When three bullets, fired in quick succession, tore into Tendai Phiri`s* right arm and thigh during the January Shutdown Protests in Pelandaba suburb last year, she thought her life had come to an abrupt end.
A fellow bystander, who was watching as people looted a local supermarket, whisked her to safety before she was rushed to the hospital.
Phiri had gone out of her home, in the midst of the chaos, to look for her siblings when tragedy struck.
After the shooting, Phiri was admitted at Mpilo Central Hospital where she spent more than a week nursing gunshot wounds.
A year later, she still to come to terms with the traumatic experience and identify her shooters.
In an interview with CITE at her home, Phiri said she was still haunted by the shooting and sometimes would close herself in the house.
“Up to now, I don’t know how to explain how the shooting happened. Especially now, since it’s January and the shooting happened last year around this time. I am in pain emotionally. I am also in pain physically. When it is cold, the wound on my arm becomes painful and I constantly have to buy medication,” she said.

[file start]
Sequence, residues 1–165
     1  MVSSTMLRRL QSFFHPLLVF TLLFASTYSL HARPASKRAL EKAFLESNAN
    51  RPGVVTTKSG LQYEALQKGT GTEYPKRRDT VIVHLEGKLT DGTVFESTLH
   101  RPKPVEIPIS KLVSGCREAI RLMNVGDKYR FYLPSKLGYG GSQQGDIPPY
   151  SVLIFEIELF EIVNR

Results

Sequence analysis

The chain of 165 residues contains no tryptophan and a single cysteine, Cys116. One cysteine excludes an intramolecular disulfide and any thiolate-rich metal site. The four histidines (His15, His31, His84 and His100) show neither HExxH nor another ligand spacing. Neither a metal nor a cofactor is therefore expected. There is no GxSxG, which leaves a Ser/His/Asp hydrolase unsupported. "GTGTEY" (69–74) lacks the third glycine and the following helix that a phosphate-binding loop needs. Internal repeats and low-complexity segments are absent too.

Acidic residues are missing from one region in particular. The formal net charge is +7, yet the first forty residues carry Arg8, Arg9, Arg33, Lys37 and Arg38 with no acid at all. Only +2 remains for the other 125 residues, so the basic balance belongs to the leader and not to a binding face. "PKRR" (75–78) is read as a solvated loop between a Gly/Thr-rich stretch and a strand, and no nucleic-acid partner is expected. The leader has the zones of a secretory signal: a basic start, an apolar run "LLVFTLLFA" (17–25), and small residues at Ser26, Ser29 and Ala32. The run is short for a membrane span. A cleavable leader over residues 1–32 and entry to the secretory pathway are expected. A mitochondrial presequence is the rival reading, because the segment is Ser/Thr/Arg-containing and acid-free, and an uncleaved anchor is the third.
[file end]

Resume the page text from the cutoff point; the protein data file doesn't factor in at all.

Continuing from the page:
Phiri noted that her case was reported at the West Commonage Police station but later transferred to Bulawayo Central police station.
“I am also pained by the fact that police have not done anything to solve the case or tell me who shot me.”
Her brother, Phiri claimed used to frequent the police station to ask for updates on the case but without much success.
“I don’t know why the police are not saying anything. My brother always tells me to go ask but well…I am uncomfortable with the whole issue because it changes your life.”
She added that the Women of Zimbabwe Arise (WOZA) offered assistance to pay her medical bills.
Burdened by the trauma, Phiri sought counselling services at Family Contact in August last year.
“The trauma never leaves you and when I hear the word ‘looting’, I cringe,” she said.
Phiri, noted that restorative justice might help her heal emotionally.
“The police must look for the person who shot me. He must tell me why he shot me,” she said, claiming the shooter who was travelling with another person in a Blue Honda Fit, came out of the car and shot her on the right thigh, this was after shooting indiscriminately at some people who were looting the supermarket.
Her brother, Sheunesu Phiri* said he was disappointed and felt let down by the authorities.
*Not their real names